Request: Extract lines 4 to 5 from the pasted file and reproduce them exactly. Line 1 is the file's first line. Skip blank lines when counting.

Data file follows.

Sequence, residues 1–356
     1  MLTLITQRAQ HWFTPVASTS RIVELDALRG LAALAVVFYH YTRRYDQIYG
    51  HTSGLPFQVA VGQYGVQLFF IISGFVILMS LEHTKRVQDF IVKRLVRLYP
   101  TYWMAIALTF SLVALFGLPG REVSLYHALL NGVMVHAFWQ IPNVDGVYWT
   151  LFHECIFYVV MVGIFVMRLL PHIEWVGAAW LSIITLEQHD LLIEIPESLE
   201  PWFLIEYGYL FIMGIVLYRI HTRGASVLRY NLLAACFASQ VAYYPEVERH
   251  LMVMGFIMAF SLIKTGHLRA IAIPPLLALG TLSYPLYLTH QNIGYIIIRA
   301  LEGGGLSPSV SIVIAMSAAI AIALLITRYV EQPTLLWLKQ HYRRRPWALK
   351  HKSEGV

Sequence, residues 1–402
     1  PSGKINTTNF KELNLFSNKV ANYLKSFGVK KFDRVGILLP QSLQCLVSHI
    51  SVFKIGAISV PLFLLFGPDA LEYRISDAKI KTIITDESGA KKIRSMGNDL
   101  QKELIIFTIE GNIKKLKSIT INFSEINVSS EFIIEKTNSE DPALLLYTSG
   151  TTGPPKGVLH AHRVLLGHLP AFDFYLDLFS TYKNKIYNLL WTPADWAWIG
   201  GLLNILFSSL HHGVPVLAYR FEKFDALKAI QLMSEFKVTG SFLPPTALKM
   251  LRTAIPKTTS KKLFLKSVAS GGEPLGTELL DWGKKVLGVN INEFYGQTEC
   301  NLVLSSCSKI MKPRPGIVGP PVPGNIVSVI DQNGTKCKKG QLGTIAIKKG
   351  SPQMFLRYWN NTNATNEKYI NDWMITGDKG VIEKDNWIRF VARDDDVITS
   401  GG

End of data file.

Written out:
   101  TYWMAIALTF SLVALFGLPG REVSLYHALL NGVMVHAFWQ IPNVDGVYWT
   151  LFHECIFYVV MVGIFVMRLL PHIEWVGAAW LSIITLEQHD LLIEIPESLE